Sen. Grace Poe
Any deal on joint development in the West Philippine Sea (WPS) should respect the country’s sovereignty over these waters and recognize that they are part of Philippine territory, Sen. Grace Poe said on Friday.
The reelectionist senator made the statement following a meeting between President Duterte and President Xi Jinping in Beijing where the Chinese leader cited a proposed oil and gas exploration deal in which the two sides “suspended their differences for a joint exploration that would mutually benefit both countries and their peoples.”
Protect Philippine territory
“It’s time that we assert our sovereignty and protect our territory. We value the good relations with China, but friends protect their allies, not take advantage of them,” Poe said on Friday.
She stressed that “any discussion or agreements on joint development should proceed from the assumption that the West Philippine Sea is our territory, and that allies should respect each other’s sovereignty.”
“To remove any doubts that such agreements are not detrimental to the interest of Filipinos, they should be made transparent,” Poe said.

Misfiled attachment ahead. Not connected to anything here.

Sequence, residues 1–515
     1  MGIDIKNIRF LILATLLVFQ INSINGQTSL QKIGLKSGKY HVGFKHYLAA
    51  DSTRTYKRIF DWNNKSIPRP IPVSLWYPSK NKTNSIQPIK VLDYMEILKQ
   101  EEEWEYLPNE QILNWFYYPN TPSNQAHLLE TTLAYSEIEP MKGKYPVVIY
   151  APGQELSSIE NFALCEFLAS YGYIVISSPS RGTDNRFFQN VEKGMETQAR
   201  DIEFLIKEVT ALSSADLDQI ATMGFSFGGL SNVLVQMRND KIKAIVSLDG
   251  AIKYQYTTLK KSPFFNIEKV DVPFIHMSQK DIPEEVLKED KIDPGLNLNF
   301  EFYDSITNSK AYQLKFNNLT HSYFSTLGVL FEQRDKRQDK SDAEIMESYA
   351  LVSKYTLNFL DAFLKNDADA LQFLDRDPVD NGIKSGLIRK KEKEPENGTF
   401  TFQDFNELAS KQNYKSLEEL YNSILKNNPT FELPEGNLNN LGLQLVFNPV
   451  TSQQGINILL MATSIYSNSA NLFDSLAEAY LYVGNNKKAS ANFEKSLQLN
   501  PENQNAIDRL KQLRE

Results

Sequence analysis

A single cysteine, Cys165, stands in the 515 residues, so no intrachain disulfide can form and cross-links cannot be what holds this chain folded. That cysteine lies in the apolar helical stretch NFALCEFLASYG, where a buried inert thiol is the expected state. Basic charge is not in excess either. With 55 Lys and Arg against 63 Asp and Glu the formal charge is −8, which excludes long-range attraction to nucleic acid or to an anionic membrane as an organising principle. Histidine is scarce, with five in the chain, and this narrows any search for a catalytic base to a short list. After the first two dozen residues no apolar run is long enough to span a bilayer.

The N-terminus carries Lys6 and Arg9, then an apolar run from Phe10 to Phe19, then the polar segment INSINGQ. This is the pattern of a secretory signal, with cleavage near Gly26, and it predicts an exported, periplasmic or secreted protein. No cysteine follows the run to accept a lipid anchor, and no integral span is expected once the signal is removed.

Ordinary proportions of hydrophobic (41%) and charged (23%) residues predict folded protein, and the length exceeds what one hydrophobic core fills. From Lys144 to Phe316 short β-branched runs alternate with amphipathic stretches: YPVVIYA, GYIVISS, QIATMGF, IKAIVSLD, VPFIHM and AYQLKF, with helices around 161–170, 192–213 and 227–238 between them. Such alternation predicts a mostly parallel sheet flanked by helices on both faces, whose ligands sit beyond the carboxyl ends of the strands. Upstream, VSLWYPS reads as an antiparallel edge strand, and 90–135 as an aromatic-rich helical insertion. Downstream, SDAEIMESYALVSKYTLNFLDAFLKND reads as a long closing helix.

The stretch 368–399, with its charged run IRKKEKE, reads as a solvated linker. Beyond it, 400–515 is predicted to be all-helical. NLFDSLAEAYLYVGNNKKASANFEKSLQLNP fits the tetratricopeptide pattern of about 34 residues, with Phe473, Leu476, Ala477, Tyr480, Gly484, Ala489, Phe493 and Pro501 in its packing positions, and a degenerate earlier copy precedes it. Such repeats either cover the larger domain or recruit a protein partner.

Duterte is in China to attend the second Belt and Road Forum for International Cooperation.
In his meeting with Xi on Thursday, Duterte raised the West Philippine Sea dispute, the situation at Pag-asa (Thitu) Island, which had been swarmed by nearly 300 Chinese vessels mostly belonging to China’s maritime militia since January, and the harvesting of endangered giant clams at Panatag (Scarborough) Shoal.
Philippine Ambassador to China Jose Santiago Sta. Romana told reporters in Beijing that “there was enough indication that the situation will be addressed and the concerns of the Philippines will be addressed.”
Frank but constructive
He said there was a “very frank but constructive” discussion between Xi and Duterte, who raised the international arbitral ruling, which the Chinese leader still refused to recognize.
Marawi peace advocate and opposition senatorial candidate Samira Gutoc also cautioned Duterte about new agreements with China in Philippine waters.
“Anything that comes from China right now is suspect,” Gutoc said.
Aside from what she called China’s “bullying” in the West Philippine Sea, Gutoc said the rising number of illegal Chinese workers in the Philippines “gives more reason for the government to think twice about China’s sincerity.” —WITH A REPORT FROM DORIS DUMLAO-ABADILLA
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